The Catholic Church is further often accused of discriminating against homosexuality but nothing could be further from the truth. The Catholic Church does not judge or discriminate against homosexuals, but rather welcomes them for who they are, as men and women made in the image and likeness of God, and encourages them to live a chaste life. The Catholic Church’s teaching on homosexuality is beautifully expressed in the Catechism of the Catholic Church.

Homosexuality refers to relations between men or between women who experience an exclusive or predominant sexual attraction toward persons of the same sex. It has taken a great variety of forms through the centuries and in different cultures. Its psychological genesis remains largely unexplained. Basing itself on Sacred Scripture, which presents homosexual acts as acts of grave depravity,141 tradition has always declared that “homosexual acts are intrinsically disordered.”142 They are contrary to the natural law. They close the sexual act to the gift of life. They do not proceed from a genuine affective and sexual complementarity. Under no circumstances can they be approved. The number of men and women who have deep-seated homosexual tendencies is not negligible. This inclination, which is objectively disordered, constitutes for most of them a trial. They must be accepted with respect, compassion, and sensitivity. Every sign of unjust discrimination in their regard should be avoided. These persons are called to fulfill God’s will in their lives and, if they are Christians, to unite to the sacrifice of the Lord’s Cross the difficulties they may encounter from their condition. Homosexual persons are called to chastity. By the virtues of self-mastery that teach them inner freedom, at times by the support of disinterested friendship, by prayer and sacramental grace, they can and should gradually and resolutely approach Christian perfection.[21]

The Church has compassion for the struggles of homosexual people yet at the same time in Her love for them desires that they live a life in conformity with the true meaning of sexuality. While some people may be sexually attracted beyond his control to someone of the same sex, he is still a human person made in God’s image and likeness, having free will and thus can choose to not act out on that attraction in the same way that a heterosexual person can be sexually attracted beyond his control to someone of the opposite sex and still choose not to act out sexually. In both cases the sexual attraction is not sinful but choosing to act out on that attraction is wrong.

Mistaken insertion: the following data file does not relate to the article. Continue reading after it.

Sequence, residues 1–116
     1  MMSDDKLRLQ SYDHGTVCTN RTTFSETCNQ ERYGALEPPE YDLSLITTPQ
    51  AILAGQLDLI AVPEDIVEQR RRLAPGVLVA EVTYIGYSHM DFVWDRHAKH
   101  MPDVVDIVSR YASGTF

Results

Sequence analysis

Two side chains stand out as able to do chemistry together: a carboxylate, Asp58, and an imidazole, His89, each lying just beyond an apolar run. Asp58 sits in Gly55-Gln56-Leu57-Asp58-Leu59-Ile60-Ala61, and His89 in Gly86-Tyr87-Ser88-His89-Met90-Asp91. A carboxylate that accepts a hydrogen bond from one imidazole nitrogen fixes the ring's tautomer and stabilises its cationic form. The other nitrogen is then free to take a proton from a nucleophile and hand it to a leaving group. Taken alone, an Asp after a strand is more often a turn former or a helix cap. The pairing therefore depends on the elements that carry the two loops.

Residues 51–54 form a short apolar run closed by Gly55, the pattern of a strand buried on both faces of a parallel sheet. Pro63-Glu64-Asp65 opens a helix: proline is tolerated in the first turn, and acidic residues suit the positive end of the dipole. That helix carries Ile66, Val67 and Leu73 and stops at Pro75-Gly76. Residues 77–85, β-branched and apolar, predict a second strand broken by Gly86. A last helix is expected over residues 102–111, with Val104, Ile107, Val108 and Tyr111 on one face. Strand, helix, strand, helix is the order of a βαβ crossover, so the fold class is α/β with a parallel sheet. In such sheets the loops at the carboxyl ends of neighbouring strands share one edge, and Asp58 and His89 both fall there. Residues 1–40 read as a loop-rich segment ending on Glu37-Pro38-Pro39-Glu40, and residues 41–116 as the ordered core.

While there is no doubt that homosexuals can love one another in a very deep way, it is physically impossible for two people of the same sex to love each other in a sexual way because sexually intimacy requires the inseminating unity of the couples genitals, a physical impossibility for members of the same sex. As Pope John Paul II reminds us in the Theology of the Body God’s plan for creation reflects His desire that the sexual union be fruitful, that is open to the possibility of life. Simply stated because God’s design for sexual intimacy requires it to be open to procreation, that is it requires a genital unity, homosexual sexual relations are wrong because it is impossible for this genital unity to occur. Since sexual relations are an expression of the marital vows and homosexual relations are not possible, homosexual marriage is not possible. Simply put for a marriage to occur the marriage must be consummated which is impossible for homosexual couples.

The Church’s “no: to homosexual sex is not discrimination but rather a “yes” to the love of God and His plan. The Church stretches out Her hand to homosexuals desiring them to live a life of true peace, love and joy by promising to journey with them in their attempt to live out Gods plan for sexuality.

Unitive Aspect of Sex Intercourse